The Time Tunnel

English version of the DVD booklet for the re-release of the tv series “The Time Tunnel” 


Irwin Allen Biography

Irwin Allen was born in New York in 1916, but already at the age of 22 he was drawn in by the allure of Hollywood, where his degree in journalism soon secured him work as a writer. But Allen was a born showman and fell in love with Hollywood, that grand machinery that produced the moving pictures. Thus, after a while he became a filmmaker and at first directed documentaries like The Sea Around Us (1950), which even earned him an Oscar. He soon realized though that his desire for spectacle and entertainment was better fulfilled in fictional films with striking special effects.

The Animal World (1956) marks his departure from pure documentary, blending that genre with sensational scenes that should become his trademark. In the case of The Animal World, Allen combined animal documentary with stop motion scenes of dinosaurs, which was only a small step from the dinosaurs in his first fantastic film project The Lost World (1960). In this film, based on Sir Arthur Conan Doyle’s story, dinosaurs did not just appear but played the main role – this time in the form of alligators and lizards dressed up by creative make-up artists.

It is precisely these scenes that elucidate another of Allen’s hallmarks because they repeatedly crop up in his tv-series in the form of archival material re-used for his other productions. He was a professed recycler of pre-filmed material and re-used scenes from the rich studio archives in order to keep his shows, such as The Voyage to the Bottom of the Sea (1964-68) within acceptable budgetary boundaries and still be able to tell grandly spectacular stories. He was known to be frugal to the point of being a miser, but he nonetheless managed to negotiate large production budgets for his series (e.g. for Land of the Giants [1968-70] $250.000 budget per episode). He even risked cancellation of a show rather than accepting the studio’s budgetary cuts.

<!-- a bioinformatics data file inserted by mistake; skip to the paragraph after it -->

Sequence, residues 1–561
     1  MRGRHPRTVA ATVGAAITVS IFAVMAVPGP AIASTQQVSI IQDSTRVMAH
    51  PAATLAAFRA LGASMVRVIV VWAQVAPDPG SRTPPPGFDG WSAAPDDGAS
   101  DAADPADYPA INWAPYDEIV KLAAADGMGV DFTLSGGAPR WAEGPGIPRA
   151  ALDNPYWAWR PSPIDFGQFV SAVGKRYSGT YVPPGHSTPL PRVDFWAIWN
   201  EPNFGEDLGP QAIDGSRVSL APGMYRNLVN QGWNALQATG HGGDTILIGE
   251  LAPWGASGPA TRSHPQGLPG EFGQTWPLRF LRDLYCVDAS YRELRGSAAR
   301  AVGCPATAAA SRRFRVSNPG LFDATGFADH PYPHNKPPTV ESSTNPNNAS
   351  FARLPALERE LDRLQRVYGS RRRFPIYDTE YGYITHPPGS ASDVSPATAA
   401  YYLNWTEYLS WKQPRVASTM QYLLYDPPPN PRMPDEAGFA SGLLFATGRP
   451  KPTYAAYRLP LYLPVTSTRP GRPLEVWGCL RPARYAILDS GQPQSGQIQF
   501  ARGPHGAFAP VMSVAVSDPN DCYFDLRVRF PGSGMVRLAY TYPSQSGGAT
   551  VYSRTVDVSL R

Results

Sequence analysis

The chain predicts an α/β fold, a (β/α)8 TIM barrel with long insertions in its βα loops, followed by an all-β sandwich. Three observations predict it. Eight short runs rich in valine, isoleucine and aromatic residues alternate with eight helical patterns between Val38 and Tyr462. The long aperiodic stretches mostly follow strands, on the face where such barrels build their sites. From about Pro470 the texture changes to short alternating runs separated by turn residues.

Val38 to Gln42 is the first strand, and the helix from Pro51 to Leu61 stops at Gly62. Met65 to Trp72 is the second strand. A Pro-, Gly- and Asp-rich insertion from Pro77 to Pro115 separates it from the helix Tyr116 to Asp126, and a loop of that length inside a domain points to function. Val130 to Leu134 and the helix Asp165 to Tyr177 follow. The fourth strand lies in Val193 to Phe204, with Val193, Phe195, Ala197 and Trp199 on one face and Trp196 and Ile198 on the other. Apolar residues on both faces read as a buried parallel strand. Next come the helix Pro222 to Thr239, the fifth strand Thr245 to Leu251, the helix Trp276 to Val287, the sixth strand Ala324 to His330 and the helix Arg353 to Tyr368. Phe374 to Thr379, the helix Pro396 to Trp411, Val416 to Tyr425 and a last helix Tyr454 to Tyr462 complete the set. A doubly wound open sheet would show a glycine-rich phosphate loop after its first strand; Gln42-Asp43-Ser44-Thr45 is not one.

This way, Allen was able to produce four successful shows during the 1960s, which have been raised to cult status by science fiction fans around the world. Aside from Voyage and Giants, he produced Lost in Space (1965-68) and The Time Tunnel (1966-67), which received the most praise and enthusiasm by fans and has become a cult classic. The 1970s saw Allen return to the movie set for the praised direction of The Poseidon Adventure (1972) and The Towering Inferno (1974) while his tv-productions like The Swiss Family Robinson (1975) could not reach his former successes of the 1960s .

His predilection for action films and movies about catastrophe, of which he produced around a dozen films during the 1970s, brought him the Hollywood nickname and infamous title of “Master of Disaster”. During the 1980s he tried a return to the genre of science fiction but could not convince his fans. His tv-production of Alice in Wonderland (1985) ultimately marked the last success of his career. No matter how his last productions were seen though, his fans will remember Allen, long after his death in 1991, for his innovative tv-series, his spectacular action scenes and his famous dictum: “If I can’t blow up the world in the first ten minutes then the show is a flop.”

The Time Tunnel – History of the production

It was Friday night, on September 9th in 1966, when The Time Tunnel premiered on ABC and already the series had to fight the strangest odds to become a success. In contrast to the Allen shows The Voyage to the Bottom of the Sea and Lost in Space, both of which had an uncomplicated start due to air time slots without much competition, CBS and NBC both held the cards for Friday nights with their hit shows The Wild Wild West (1965-69) and Tarzan (1966-69). Both shows had been successful for a while and thus already established themselves in the Friday night prime time spot. To add to the problems, ABC had decided to place The Time Tunnel on the half hour slot after its superhero show The Green Hornet (1966-67) so that potential viewers would not only miss the end of said shows but also the beginning of the following shows, Hogan’s Heroes (1965-71, CBS) or The Man from UNCLE (1964-68). Since all four shows were highly regarded by viewers, The Time Tunnel faced a stiff competition during its inauguration.